Last blog, I talked about private money and why I felt it was not a good long-term solution for my real estate investment goals.
I’m not sure if it was a podcast or something else that triggered my curiosity again, but I went back to the crowdfunding well with the thought of starting my own fund, rather than using one of the existing platforms.
Can I Start a Crowdfund?
My initial thoughts were that crowdfunding for real estate would involve lots of legal fees: specialty accountant, big commissions, and lots of rules.
One attorney was asking for $125,000 just to do the Private Placement Memorandum (PPM), the document that you give to prospective investors. This dollar amount did not include actually creating or managing the fund.
I ran my initial calculations with a startup cost of $250,000.
As I got deeper into my research, I found a huge variety of information.
There were useful one-pagers like the crowdfunding cheat sheet.
Attorneys ran the gamut from high to low price, experienced to relatively new, and crowdfunding “specialists” to generalists.
Crowdfunding False Start
Much faster than anticipated, I found some folks who had successfully raised money in the past. As we talked, I started to see how it could all come together.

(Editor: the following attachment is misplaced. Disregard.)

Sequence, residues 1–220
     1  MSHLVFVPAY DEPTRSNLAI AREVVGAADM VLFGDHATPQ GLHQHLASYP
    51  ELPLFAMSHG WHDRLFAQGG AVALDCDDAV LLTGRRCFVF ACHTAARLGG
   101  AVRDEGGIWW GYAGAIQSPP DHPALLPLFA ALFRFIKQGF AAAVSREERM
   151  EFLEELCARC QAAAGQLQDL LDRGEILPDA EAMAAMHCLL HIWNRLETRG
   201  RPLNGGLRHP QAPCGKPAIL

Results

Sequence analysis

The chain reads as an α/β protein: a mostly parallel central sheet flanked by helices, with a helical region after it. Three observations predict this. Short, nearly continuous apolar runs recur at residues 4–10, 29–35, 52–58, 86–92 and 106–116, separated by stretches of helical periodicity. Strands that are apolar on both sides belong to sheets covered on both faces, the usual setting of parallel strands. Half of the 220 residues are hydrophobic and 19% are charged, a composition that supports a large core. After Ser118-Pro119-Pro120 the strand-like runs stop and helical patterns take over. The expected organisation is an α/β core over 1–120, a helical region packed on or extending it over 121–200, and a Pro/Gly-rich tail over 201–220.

Soon others wanted to be a part, and that’s when the numbers started to skew toward commissions and profit sharing for people who would only help raise money for the fund and not help operate it.
In short, it began to feel wrong. So I backed off.
Since then, multiple attorneys have told me to never give out ownership to people who raise funds, especially if they are not a licensed broker but just “connect” me with someone who wants to invest.
I CAN Start a Crowdfund!
A few months later I met Bruce. After some discussion, we felt we could form a true partnership to investigate and possibly do crowdfunding for real estate.
The two of us began a more detailed investigation into creating a fund. One of our conversations was with attorney Jillian Sidoti Esq. Jillian expertly laid out how these deals normally get set up and made us very confident that we had started down the right path.
After a few long phone calls and some due diligence we decided to move forward with Jillian and began to work on the details.
Bruce and his wife Debbie were engaged and taking on some of the bigger tasks. It was refreshing to have a partner that helped the process along rather than just adding tasks to my plate.
Soon things were looking up…the perfect time for fear to hit.
Next Blog is about the fear and the opportunity.